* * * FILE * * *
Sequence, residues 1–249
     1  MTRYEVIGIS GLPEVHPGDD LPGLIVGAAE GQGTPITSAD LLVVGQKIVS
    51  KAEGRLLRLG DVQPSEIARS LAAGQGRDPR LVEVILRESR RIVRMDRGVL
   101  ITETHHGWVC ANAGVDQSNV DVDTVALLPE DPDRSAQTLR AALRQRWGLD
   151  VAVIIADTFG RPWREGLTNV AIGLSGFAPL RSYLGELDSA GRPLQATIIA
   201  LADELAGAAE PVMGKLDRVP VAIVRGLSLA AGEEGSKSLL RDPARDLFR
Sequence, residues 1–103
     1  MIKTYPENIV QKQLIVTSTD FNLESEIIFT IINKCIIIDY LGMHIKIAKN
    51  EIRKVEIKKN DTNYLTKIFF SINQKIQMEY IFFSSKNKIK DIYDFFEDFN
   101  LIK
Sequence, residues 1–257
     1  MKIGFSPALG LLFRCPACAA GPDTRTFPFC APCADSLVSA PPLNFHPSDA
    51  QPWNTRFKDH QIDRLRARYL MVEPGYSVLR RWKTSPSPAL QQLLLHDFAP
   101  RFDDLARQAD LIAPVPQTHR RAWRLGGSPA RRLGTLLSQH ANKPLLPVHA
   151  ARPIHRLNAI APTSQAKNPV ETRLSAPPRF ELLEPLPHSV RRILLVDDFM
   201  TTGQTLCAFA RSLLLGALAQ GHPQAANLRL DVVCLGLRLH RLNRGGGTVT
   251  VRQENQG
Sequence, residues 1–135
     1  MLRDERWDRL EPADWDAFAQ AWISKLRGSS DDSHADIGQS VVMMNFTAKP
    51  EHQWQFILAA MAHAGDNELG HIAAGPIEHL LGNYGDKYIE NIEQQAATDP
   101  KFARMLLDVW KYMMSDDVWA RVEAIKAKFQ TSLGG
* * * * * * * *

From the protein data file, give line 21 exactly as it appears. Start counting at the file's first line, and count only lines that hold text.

   101  KFARMLLDVW KYMMSDDVWA RVEAIKAKFQ TSLGG